Should We Immunize the Immune?

Should We Immunize the Immune?

by Dr. Lynn Fynn


Vaccines serve a purpose. The first vaccine was created in 1796 for the eradication of smallpox. Since then, the purpose has remained the same; vaccines mitigate death and stop the spread of a virulent infectious disease among the populous. This goal is achieved by introducing a non-infectious, antigenic portion of said infectious disease agent to the subject’s immune system to aid in the body’s recognition of the agent. This means that the body is primed to respond differently to the disease in the future. The body can signal its defenses and neutralize the agent before it can replicate and cause disease. Those people who have previously recovered from such an infection (convalescence) have thereby acquired the ability to recognize that disease and can effectively neutralize the infection before it takes hold. This is basic immunology.


There are many concerns with immunizing the immune. Besides it being unduly taxing on the body, the chief concern is the potential to induce Antibody Dependent Enhancement. (ADE). This mechanism occurs as antibodies to a specific portion of a pathogenic complex can be enhanced and activated when exposed in high concentration in the future. This phenomenon is common with such infections as Dengue, HIV, SARS, and Ebola.


In the case of human Coronaviruses, can there be too much of a good thing? Yes, there can be. The worst-case scenario, immunologically, would be when cross-reactive memory antibodies to related coronaviruses can not only become non-protective but can actually enhance infection in the clinical course. Such a phenomenon of antibody dependent enhancement (ADE) has already been described in several viral infections.


The development of IgG against SARS-CoV-2 in the course of COVID-19 might not be a simple sign of viral clearance and augmentation of protection against the virus. On the contrary, due to cross-reaction to related coronavirus strains from earlier infections, a patient’s viral history of coronavirus infection might be crucial to the severity of the course of the current infection with SARS-CoV-2. This is a phenomenon that has been called in the context of influence infections “original antigenic sin.” This is particularly concerning when injecting mRNA because it signals the patient’s cells to produce trillions of pathogenic spike proteins to elicit another immune response which could potentially enhance disease in the subject.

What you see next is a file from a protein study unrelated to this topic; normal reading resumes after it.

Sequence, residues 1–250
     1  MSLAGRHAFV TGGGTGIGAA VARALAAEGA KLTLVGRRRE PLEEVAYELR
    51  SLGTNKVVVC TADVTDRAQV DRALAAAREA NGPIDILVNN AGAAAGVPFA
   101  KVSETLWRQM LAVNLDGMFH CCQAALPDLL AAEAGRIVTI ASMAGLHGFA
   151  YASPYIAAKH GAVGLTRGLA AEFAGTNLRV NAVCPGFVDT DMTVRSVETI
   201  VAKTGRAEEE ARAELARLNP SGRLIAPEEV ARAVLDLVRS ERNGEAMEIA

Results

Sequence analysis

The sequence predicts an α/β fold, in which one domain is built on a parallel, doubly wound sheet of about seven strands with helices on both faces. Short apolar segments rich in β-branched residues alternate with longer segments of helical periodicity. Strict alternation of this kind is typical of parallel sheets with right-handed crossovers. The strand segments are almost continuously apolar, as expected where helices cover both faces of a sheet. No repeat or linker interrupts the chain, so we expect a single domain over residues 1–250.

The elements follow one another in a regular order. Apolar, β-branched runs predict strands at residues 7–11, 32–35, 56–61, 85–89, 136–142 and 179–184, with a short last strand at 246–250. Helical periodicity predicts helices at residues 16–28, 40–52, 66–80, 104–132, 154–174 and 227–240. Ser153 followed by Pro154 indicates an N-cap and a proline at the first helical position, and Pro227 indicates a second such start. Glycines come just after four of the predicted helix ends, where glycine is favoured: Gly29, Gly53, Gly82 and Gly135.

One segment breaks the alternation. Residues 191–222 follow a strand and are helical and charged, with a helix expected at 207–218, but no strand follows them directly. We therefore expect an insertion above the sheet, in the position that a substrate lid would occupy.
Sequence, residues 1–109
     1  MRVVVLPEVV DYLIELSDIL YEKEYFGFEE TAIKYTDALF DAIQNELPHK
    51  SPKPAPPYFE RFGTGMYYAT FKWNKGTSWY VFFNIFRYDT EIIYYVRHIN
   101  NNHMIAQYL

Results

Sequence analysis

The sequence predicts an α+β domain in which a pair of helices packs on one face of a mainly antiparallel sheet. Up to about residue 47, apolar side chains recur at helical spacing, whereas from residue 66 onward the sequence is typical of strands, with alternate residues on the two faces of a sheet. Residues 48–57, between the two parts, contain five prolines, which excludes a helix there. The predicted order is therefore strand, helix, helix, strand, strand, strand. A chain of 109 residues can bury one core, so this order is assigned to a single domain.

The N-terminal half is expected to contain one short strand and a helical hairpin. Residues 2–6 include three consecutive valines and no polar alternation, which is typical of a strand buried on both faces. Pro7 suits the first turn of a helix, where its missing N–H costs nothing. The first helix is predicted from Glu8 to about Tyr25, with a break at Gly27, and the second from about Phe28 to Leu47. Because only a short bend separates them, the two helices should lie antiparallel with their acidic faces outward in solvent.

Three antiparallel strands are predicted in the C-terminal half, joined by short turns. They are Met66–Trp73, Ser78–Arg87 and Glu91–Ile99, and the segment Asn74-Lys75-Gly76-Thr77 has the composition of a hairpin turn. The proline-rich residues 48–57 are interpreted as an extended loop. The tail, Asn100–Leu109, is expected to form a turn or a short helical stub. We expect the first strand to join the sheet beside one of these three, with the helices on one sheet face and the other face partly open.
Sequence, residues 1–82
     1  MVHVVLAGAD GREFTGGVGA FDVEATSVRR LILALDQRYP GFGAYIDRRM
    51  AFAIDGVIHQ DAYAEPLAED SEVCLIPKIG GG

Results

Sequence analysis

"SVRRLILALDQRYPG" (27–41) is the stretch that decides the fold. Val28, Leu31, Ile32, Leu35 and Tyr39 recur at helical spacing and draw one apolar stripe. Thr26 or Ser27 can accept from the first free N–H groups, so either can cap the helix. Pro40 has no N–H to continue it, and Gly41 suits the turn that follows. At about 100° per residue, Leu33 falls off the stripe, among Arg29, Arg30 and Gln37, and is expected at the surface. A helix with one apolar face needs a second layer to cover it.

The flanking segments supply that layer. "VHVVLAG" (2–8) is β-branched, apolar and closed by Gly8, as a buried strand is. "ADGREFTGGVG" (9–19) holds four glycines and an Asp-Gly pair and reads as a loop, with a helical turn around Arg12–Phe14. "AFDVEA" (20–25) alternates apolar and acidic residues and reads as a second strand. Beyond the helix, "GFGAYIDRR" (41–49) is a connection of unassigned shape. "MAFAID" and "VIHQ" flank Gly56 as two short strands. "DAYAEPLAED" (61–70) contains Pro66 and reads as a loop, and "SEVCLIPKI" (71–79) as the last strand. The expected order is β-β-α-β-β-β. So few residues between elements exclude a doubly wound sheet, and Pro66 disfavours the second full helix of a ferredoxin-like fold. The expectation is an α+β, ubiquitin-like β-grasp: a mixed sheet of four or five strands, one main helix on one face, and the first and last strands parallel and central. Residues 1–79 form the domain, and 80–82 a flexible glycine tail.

The current mRNA vaccines in mass distribution contain concerning epitopes that could facilitate ADE. Peptide S597-603 induced antibodies have enhanced infection both in vitro and in non-human primates by using an epitope sequence-dependent (ESD) mechanism. This peptide exhibited a high level of serological reactivity (64%), which resulted from the additive responses of two tandem epitopes (S597-603 and S604-625) combined with a long-term human B-cell memory response with antisera from convalescent SARS patients.


Do convalescents fail to exhibit long-term immunity? That seems to be the excuse for why vaccinating the recovered is necessary but, there is NO evidence to support this argument. In fact there is more evidence that shows long-term immunity in many forms, protects the convalescent patient in the long term. Historical science, and numerous studies, like the well-powered SIREN study support lifetime immunity.


So why diminish immunity in the convalescent? Why would you enforce an experimental immune-modulation injection in someone that exhibits prior immunity? Fully screening a patient for prior immunity is of utmost importance before determining whether to vaccinate. With many adverse events reported daily to VAERS, the vaccine adverse event reporting system, why add unnecessary risk? Such jeopardy has markedly increased this year in persons who basically have mitigated risk through immunity?

Determining immunity to SARS CoV2 in the population involves much more than a typical nucleocapsid IgM and IgG assay. The immune system is complex and effective. Though that is a great place to start, there are so many other forms of defense against this virus. One that was initially overlooked was T-cell activity and their contribution to protective immunity. Measuring SARS2-specific CD-4 and CD-8  T-cells is just as important in determining immunity as B cells.  This is because there is clear cross-reactivity against this pathogen and it is prevalent in much of the population previously exposed to a Coronavirus from the common cold. CD-4 T-cell responses were detected in 40%–60% of unexposed individuals. This may be reflective of some degree of cross-reactive, pre-existing immunity to SARS-CoV-2.


In addition to T-cells, another relevant form of measurement of prior exposure is that of Immunoglobulins.  IgG titers specifically indicate “the big guns” for lasting immunity. IgG titers to the nucleocapsid proteins of SARS2 show immunity gained from prior infection, and those that are spike-specific show there was either exposure to the virus, or the subject was vaccinated. Both are necessary to discern which exposure elicited which Ig population.

This is the most common assay ordered for Serology; however, as you can see, it is not the only way to measure one’s immunity to SARS CoV-2.


Prior to COVID-19, the CDC contra-indicated vaccines in the previously exposed/recovered. Historically, we would run titers for previous infection, and if convalescent antibodies were present, we would refrain from additional immunization. We see no reason to revise the definition of immune or change what has clearly worked.

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